Economic impact of same-sex marriage on LGBTQ families

Economic impact of same-sex marriage on LGBTQ families

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On May 20, Pennsylvania became the 19th state to allow same-sex marriage. In the nine months that followed, 18 more states have followed suit. Now, with only 13 non-marriage equality states remaining and the Supreme Court poised to rule on marriage equality this summer, it seems imminent that we will have national marriage equality in 2015. Because of these changes, many LGBTQ committed couples are facing the decision of whether to wed.

Love and commitment are probably the most important things to consider when contemplating nuptials. However, practical issues, which are not nearly as fun to discuss, should be considered. Marriage can have a significant economic impact on LGBTQ families, especially for more financially mature couples. Failing to address or quantify the effects can cause serious unwelcomed financial surprise, even worse than your wedding caterer coming in over budget.

This article covers common tax and financial-planning issues LGBTQ couples should consider before tying the knot; however, it is not all-inclusive and should not be used to replace professional advice. The decision to marry can affect your family in many quantifiable ways, which should be discussed with your tax, financial and legal advisor before you walk down the aisle.

Income-based benefit programs

Several benefit programs are administered by federal and state governments that have income-based eligibility standards. These standards are often different for single versus married individuals. Many couples will find it difficult to qualify for Supplemental Security Income or Medicaid if they are married and living together. If you, your partner or your children are planning on pursuing higher education, need-based education assistance is based on the economic resources of both spouses. Marriage may not be ideal for couples where one spouse or one spouse’s children are eligible for income-based benefit programs or education assistance, since meeting eligibility standards may be more difficult.  

Employer benefits        

For an unmarried couple, the estimated value of an employer’s financial contribution towards health-insurance coverage for an employee’s non-dependent partner must be reported as taxable wages earned. This is often referred to as “imputed income.” However, for married couples, a non-employee spouse’s health-insurance coverage is tax-free. Thus, couples should alert employers of their marriage immediately to ensure proper treatment.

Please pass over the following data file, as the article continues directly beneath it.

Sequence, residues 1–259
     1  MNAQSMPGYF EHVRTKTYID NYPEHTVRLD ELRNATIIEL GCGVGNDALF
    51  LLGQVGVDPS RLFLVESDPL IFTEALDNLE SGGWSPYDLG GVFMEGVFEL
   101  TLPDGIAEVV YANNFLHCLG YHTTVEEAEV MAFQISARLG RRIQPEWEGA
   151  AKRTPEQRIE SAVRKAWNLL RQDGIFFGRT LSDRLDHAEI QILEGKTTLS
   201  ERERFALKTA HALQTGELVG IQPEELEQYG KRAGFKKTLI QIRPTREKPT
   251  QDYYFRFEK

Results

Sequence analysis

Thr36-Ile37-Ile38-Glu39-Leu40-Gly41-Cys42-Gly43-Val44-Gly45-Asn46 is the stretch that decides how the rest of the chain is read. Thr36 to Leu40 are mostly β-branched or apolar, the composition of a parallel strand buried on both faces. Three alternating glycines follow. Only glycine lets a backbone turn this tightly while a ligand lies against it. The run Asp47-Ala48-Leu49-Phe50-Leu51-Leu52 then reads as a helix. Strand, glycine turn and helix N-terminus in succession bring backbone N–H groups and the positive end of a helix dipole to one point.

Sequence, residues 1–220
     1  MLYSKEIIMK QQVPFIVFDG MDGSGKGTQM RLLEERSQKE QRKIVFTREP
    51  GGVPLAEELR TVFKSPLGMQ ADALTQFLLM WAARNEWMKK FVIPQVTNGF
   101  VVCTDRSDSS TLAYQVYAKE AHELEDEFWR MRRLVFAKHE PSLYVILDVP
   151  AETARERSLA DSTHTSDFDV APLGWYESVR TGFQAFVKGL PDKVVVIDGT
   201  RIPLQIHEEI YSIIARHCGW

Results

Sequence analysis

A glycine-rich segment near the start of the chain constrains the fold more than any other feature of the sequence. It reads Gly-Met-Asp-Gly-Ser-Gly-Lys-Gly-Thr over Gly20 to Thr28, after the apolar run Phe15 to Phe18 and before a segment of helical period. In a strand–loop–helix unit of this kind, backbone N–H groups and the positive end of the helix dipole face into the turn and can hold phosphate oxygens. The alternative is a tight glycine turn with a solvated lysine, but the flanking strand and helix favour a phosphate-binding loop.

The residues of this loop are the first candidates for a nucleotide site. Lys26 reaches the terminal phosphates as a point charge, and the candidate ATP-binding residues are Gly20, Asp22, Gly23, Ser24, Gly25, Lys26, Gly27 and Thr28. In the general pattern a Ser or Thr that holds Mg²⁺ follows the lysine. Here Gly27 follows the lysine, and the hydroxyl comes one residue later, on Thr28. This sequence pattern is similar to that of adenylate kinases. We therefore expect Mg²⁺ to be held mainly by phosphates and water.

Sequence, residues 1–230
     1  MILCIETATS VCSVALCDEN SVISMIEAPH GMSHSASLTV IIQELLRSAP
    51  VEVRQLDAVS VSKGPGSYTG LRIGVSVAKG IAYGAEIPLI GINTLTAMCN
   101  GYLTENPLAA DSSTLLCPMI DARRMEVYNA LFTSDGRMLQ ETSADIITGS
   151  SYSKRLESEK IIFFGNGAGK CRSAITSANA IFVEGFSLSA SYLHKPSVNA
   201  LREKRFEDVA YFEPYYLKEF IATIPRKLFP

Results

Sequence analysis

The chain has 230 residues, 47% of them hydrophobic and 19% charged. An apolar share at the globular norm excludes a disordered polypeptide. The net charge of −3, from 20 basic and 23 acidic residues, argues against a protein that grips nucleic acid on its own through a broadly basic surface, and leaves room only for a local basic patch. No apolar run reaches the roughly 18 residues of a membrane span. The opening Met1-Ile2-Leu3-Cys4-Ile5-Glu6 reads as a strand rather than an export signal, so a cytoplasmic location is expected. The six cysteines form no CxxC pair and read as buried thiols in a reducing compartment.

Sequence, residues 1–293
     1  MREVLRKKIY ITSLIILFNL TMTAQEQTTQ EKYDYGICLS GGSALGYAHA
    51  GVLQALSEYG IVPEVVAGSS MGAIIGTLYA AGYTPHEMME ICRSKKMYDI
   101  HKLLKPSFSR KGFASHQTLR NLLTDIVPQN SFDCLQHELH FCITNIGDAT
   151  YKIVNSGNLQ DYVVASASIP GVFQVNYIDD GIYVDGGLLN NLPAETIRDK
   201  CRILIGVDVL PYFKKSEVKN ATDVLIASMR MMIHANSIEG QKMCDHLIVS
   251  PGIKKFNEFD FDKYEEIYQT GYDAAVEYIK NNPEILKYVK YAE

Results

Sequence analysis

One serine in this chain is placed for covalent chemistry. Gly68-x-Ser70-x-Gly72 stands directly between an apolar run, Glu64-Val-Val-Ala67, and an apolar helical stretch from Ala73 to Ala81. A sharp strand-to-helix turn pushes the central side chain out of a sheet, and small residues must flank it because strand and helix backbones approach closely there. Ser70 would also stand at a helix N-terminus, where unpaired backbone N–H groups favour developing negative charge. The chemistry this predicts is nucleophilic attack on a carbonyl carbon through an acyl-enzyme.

Effective March 27, 2015, the Department of Labor will broaden its definition of spouse to recognize same-sex marriage for the Family Medical Leave Act (FMLA). Private employers with 50 or more employees must comply with FMLA laws. Prior to the effective date, this important job-protection benefit was not available to same-sex married couples who lived in non-marriage-equality states.

Titling of assets

Married couples should consider how their assets are titled, even if those assets were owned jointly prior to marriage. This decision can have a significant effect on a creditor’s ability to reach certain assets. Both real and personal property held by married couples as “tenants by the entireties” in Pennsylvania are generally exempt from creditor claims of only one spouse. This protection is lost if the spouses divorce or the debtor spouse survives the other and becomes the sole owner of the property. Additionally, tenancy by the entireties protection does not apply where both spouses are jointly indebted to the creditor.

Retirement benefits

Many Social Security Administration (SSA) benefit plans are tied to marital status. In June, the SSA published new instructions allowing the agency to process more claims for same-sex couples, including those claims related to non-marital legal relationships (such as domestic partnerships or civil unions), if recognized by the state in which the applicant is domiciled, because SSA recognizes marriages and non-marital legal relationships based on the place of domicile. If you are married, live in a non-marriage-equality state and believe you qualify for spousal benefits, you should apply for benefits. If your claim is denied, and national marriage equality occurs, your benefits may be retroactive to your original application date.